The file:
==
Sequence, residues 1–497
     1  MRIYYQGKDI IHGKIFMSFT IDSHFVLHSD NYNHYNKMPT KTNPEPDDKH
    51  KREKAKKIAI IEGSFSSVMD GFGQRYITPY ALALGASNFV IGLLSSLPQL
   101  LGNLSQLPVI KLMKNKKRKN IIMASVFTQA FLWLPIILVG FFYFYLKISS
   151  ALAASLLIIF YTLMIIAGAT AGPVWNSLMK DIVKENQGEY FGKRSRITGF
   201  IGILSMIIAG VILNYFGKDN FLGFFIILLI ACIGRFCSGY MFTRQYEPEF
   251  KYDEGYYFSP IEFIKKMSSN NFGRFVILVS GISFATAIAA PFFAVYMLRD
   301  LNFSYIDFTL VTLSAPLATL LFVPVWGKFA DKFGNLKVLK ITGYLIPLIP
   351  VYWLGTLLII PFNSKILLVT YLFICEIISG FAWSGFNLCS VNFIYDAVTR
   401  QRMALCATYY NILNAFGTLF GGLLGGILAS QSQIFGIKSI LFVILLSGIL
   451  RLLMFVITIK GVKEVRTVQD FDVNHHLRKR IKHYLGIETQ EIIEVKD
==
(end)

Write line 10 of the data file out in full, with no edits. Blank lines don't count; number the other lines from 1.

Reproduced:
   401  QRMALCATYY NILNAFGTLF GGLLGGILAS QSQIFGIKSI LFVILLSGIL